A consistently intelligent (or at least bright), coherently constructed comedy that is on occasion a rather pointed critique of the American education system in the…
"Maybe you're too rich for this business,'' a friend tells Murakama, the stone-faced gangster hero of ''Sonatine.'' Murakama, who rarely says anything, has let it slip that he is tired. Very tired. When he is not actually engaged in the business of being a yakuza, he simply stops moving at all, and sits, staring into space, sometimes with a cigarette, sometimes not.
He is tired of living, but not scared of dying, because death, he explains, would at least put an end to his fear of death, which is making his life not worth living. When he explains this perfectly logical reasoning, you look to see if he is smiling, but he isn't. He has it all worked out.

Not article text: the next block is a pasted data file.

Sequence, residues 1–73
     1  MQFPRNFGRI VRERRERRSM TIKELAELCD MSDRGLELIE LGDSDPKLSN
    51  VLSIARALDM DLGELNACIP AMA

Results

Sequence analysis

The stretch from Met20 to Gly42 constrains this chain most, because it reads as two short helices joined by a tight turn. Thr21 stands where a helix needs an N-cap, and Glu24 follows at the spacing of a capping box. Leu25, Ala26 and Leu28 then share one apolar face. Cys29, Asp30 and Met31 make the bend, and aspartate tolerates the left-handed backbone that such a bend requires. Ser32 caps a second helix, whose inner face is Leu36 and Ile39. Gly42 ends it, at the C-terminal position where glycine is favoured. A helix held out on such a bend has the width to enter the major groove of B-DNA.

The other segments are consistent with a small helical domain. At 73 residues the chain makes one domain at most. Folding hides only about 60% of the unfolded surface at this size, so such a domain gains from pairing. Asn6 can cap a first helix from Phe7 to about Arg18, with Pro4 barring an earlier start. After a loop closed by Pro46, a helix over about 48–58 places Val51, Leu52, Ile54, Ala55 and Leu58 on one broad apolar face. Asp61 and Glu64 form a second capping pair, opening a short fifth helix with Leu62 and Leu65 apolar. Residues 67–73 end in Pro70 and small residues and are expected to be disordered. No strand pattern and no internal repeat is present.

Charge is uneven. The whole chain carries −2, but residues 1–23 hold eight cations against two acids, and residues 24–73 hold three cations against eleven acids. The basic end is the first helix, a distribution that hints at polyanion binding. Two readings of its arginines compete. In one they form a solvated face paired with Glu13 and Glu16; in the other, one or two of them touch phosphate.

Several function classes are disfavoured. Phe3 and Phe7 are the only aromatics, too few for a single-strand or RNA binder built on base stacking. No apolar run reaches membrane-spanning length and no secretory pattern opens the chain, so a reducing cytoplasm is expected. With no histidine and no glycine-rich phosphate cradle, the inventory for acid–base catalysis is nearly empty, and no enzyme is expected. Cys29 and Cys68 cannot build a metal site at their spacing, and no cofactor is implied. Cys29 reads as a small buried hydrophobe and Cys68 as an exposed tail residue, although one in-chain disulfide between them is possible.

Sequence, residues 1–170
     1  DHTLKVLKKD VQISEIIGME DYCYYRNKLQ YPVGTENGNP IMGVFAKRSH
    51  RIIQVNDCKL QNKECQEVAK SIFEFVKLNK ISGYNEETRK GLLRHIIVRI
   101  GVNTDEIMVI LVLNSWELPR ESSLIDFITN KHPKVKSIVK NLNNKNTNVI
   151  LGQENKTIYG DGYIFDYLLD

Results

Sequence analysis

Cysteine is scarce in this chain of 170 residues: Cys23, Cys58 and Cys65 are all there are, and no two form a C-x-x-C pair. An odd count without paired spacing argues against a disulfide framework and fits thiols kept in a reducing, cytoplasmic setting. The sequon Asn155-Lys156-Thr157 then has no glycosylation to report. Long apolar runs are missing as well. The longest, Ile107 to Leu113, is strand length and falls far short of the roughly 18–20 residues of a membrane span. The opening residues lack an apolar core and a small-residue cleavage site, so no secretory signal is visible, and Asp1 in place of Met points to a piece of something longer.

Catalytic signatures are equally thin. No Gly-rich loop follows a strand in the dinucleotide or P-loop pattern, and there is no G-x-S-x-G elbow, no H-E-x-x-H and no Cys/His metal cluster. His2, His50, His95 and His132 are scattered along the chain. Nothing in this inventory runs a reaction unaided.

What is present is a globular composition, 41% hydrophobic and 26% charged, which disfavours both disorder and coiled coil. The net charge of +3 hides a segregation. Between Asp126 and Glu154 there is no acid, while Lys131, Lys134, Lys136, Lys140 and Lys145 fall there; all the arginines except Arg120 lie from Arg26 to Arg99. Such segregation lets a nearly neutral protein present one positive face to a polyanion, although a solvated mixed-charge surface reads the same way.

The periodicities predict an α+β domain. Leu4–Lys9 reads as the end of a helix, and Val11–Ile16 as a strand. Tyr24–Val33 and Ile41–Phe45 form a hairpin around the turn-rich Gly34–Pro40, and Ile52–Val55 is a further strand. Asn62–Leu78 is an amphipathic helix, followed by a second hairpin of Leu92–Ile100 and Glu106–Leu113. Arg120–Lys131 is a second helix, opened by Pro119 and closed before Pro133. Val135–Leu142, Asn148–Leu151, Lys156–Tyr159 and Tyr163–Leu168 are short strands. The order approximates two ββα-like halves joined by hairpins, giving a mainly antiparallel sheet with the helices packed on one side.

''Sonatine'' is the latest film to be released in this country by Takeshi Kitano, who wrote, directed and edited it--and stars in it under his acting name, Beat Takeshi. It arrives here only a month after ''Fireworks,'' his 1997 Venice Film Festival winner, but was made in 1993, the fourth of his seven films. He is the biggest star in Japan right now, and as a filmmaker one of the most intriguing.
This film is even better than ''Fireworks.'' It shows how violent gangster movies need not be filled with stupid dialogue, nonstop action and gratuitous gore. ''Sonatine'' is pure, minimal and clean in its lines; I was reminded of Jean-Pierre Melville's ''Le Samourai'' (1967), another film about a professional killer who is all but paralyzed by existential dread.